Sunday, 22 December 2013

THE ALMIGHTY RHOMBUS - ALBUM REVIEW

The Almighty Rhombus - Lucid Living (Cosmic Dave's Record Factory) 
The Almighty Rhombus - Lucid Living

Firstly, if you're here because you fell for my line about Alanis then I must apologise. This is nothing like Alanis. I was just being naughty. Secondly, you should stick around, though, if you like an bit of quirkiness and expansiveness to your music. You do? Wonderful. Then let's dive right on in......

The Almighty Rhombus is an awesome name for a band, I think we can all agree on that, so they've set the bar pretty high for themselves from the get-go. Nevertheless, the indie-disco speed shuffle of 'Down South' and strung out guitars of 'Blank' are a strong start. We're talking Vampire Weekend, We Are Scientists, Weezer and Belle & Sebastian with a little European electro disco influence thrown in for good measure. The visceral, nightmarish sounds of 'House Burns Down' is like something from a 70s B-Movie soundtrack while 'Butane Brain' is a lot more lilting and positive than the title suggests with elements of Cake sneaking through in the key and tempo changes. If you're a fan of organs, however, then you should prepare yourself for 'Thunderstorms' which is so twee you might as well take it to a Scottish village and buy it tea in a small cafe before a walk around the cobbled streets. 'Flourescent', however, is the tune where the quintet take things to a higher level of bat-shit crazy with more ideas than Kanye's got personality flaws and a riff the size of a monster-truck tyre.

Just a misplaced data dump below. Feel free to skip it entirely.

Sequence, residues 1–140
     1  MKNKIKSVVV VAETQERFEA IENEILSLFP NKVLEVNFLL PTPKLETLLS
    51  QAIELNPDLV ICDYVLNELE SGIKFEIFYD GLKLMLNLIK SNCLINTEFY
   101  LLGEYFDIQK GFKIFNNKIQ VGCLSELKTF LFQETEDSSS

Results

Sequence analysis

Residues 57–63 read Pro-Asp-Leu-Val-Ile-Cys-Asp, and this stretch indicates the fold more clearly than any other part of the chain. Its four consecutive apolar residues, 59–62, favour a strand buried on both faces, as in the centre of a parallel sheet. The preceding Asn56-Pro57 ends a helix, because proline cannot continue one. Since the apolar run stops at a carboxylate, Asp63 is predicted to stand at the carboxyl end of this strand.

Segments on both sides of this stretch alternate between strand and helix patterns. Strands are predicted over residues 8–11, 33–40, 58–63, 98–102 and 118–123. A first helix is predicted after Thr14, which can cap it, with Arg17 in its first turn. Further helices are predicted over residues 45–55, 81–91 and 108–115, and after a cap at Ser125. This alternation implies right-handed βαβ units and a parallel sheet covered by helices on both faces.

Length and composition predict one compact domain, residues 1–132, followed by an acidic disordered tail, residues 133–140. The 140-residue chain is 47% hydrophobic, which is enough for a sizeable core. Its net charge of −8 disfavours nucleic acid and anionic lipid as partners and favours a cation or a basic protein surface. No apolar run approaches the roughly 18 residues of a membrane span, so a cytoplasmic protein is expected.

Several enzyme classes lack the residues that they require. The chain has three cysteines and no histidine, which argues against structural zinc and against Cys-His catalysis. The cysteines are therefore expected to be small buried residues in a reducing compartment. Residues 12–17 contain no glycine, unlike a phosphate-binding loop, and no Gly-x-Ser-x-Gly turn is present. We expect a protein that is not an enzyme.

There is a certain 80s swagger about 'Summer Dreams' that requires a soft-top Cadillac to make the most of it but, conversely, 'Red Eye' sounds distinctly Scottish in origin to me with its handclaps, jangly guitars and Edwyn Collins fuzzy guitars. The clash of fuzzy, scuzzy garage rock with tight, perfectly formed indie-pop tunes is the niche that The Almighty Rhombus are carving for themselves and it is a lovely niche at that. 'Vacation' has cavernous feel to it which lends the tune a retro authenticity I wholeheartedly approve. Meanwhile, over on 'No I Won't' the chugging guitars and dreamy vocals draw you in until you're surrounded by the luxurious keys of Clayton Drake (what a name?!?). Like a complimentary mint at the end of a five course meal, 'Standoff' is reassuringly light and refreshingly breezy with its jaunty piano work - the perfect way to finish of such a meaty, complex and thoughtful meal. I mean album. Sorry Alanis fans.



Live Dates:

28th February - The Big Basement Show, Sudbury, Ontario 

No comments:

Post a Comment